I was talking the other day about how under-represented organic technology is in archaeology generally, and especially on the Northwest Coast, where the old adage is that 95% of the technology was made out of plants (trees, wood, bark, roots, grasses, seaweeds). A classic example of this phenomenon are anchor stones and sinker stones. While some of these stones had grooves or perforated holes (and are thereby very visible and durable in the archaeological record), many may have been made by the more simple, subtle and expedient method of simply wrapping line or basketry around an unmodified rock. When the organic component rots away, as it will most of the time, then the archaeologist has, well, an unmodified rock.
Anyway, it was a lucky stroke for my current interest that I came across the above photo from the University of Washington Digital Archives.
The makers of this anchor stone appear to have come to a similar solution to, or been inspired by, an Admiralty pattern anchor. Anchors achieve a great deal of their holding pattern from the chain rode, which lies on the bottom and acts as a shock absorber. It would be interesting to see how this one works, though if it was intended for a canoe with low windage it might be very effective.
Equally, I wondered about Reef Netting, which requires a lot of heavy anchor stones to be put down, to tighten the canoe position against in this high-precision fishing technique. The operating assumption has been this requires that a large number of sacrificial rocks (i.e., multiple rocks are sent down a single anchor line, making a composite too heavy to pull back up), but it seems to me this Duwamish design might “dig in” and not just be a heavy weight. Admittedly, Norm Easton found a large number of anchor stones underwater at reef netting sites near Victoria and in the Gulf Islands – so there was net loss. (You can get his excellent UVIC thesis here, via here which has a lot of other Eastonian output). But in any case, the above is the most elaborate composite anchor from the NW Coast I’ve seen, I think.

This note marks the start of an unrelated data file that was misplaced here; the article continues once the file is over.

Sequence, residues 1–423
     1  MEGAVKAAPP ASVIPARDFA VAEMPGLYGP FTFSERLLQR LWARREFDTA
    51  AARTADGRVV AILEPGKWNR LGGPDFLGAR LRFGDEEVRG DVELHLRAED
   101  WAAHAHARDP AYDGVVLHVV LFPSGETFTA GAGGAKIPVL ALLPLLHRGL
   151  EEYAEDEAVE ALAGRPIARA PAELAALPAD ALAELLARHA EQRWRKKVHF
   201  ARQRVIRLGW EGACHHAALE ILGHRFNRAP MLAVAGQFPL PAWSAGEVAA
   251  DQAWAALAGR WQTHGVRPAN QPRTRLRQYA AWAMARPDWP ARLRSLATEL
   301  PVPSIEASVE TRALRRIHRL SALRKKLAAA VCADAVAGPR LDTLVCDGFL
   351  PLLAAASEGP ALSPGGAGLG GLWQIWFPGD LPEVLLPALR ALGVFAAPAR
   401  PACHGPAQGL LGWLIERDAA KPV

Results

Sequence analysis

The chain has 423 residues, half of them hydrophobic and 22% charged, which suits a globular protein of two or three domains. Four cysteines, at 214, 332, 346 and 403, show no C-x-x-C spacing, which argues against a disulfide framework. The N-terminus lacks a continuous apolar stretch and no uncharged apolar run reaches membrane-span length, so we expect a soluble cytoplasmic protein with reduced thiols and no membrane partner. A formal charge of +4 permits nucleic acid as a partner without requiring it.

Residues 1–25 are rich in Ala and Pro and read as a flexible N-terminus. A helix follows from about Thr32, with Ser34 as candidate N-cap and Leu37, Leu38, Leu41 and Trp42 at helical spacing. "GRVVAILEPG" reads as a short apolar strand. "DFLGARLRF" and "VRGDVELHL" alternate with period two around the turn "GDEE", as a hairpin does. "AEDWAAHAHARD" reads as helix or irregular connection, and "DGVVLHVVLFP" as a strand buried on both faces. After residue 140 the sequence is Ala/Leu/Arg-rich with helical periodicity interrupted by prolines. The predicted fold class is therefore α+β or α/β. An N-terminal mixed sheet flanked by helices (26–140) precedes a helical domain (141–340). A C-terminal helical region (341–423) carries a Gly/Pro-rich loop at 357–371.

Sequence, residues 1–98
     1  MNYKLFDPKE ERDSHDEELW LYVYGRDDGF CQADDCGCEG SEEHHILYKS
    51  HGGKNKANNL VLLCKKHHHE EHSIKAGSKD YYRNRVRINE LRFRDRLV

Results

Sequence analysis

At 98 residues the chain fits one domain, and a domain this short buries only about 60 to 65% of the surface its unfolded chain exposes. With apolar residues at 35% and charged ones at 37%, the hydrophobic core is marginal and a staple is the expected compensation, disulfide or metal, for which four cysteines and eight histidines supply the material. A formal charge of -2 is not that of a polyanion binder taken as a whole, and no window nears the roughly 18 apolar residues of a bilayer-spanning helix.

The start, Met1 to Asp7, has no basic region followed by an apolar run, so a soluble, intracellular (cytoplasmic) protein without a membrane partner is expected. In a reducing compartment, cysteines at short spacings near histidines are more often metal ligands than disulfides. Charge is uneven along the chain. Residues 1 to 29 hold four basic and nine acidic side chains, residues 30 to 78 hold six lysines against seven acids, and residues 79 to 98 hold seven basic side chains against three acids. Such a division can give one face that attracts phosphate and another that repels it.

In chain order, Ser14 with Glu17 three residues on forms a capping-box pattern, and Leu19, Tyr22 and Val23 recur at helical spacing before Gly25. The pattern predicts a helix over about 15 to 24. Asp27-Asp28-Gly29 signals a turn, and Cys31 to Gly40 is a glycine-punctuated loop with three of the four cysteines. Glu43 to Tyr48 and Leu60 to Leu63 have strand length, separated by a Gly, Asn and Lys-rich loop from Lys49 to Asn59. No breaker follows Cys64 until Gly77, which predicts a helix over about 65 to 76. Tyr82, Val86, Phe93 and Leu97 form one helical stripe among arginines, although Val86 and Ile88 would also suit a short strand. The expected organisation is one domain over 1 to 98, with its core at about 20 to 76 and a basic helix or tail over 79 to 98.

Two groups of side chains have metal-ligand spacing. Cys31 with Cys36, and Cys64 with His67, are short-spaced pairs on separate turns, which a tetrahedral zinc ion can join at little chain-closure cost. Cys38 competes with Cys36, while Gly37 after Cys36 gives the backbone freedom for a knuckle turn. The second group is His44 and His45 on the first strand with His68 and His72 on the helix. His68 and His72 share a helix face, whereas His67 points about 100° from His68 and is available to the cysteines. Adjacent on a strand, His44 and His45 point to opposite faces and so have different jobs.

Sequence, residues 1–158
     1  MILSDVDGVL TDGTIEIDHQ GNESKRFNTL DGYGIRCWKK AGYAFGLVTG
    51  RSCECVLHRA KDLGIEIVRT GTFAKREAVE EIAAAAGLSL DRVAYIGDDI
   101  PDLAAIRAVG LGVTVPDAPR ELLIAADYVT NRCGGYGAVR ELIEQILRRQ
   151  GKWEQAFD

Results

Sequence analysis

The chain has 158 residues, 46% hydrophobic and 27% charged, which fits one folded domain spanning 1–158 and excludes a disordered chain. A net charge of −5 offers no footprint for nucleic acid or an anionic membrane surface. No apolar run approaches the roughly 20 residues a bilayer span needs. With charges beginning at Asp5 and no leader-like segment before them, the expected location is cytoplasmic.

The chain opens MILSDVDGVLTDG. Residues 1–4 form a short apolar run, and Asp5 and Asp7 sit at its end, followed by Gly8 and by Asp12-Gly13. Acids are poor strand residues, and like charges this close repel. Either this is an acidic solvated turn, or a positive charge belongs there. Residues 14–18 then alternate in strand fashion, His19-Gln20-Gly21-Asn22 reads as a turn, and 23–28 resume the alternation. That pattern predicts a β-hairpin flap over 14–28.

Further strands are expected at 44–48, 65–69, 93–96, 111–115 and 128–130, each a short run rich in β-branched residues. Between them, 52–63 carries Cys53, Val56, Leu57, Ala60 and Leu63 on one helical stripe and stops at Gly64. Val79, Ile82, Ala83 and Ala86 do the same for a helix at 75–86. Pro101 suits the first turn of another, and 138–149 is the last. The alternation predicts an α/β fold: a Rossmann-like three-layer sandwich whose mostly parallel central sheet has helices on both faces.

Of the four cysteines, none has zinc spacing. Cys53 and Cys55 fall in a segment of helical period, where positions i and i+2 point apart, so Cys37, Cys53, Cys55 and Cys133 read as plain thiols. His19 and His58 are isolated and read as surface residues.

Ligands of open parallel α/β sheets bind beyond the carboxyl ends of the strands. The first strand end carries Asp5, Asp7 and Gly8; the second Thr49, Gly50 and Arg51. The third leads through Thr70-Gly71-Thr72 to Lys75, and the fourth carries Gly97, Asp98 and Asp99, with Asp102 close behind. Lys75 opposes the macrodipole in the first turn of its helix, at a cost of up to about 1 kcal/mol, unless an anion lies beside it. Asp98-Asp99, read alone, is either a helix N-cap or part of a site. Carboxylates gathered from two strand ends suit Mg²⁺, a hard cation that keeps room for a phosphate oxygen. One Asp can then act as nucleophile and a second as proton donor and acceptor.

Anyway, more ancient anchor stones and net weights are known from some archaeological sites, notably Hoko River. Once again I recommend the remarkable online photo archives put together by Dale Croes and his team for that site – home page here. I’m reproducing a couple of images here of ca. 2,500 year old wrapped, unmodified rocks – you can view more here. These artifacts at least have a stone component – browse around on the Hoko River photo site and see just how few of the artifacts would leave any trace at all: most of them. Kind of sobering, and that bugs me, because sober is my least favourite word!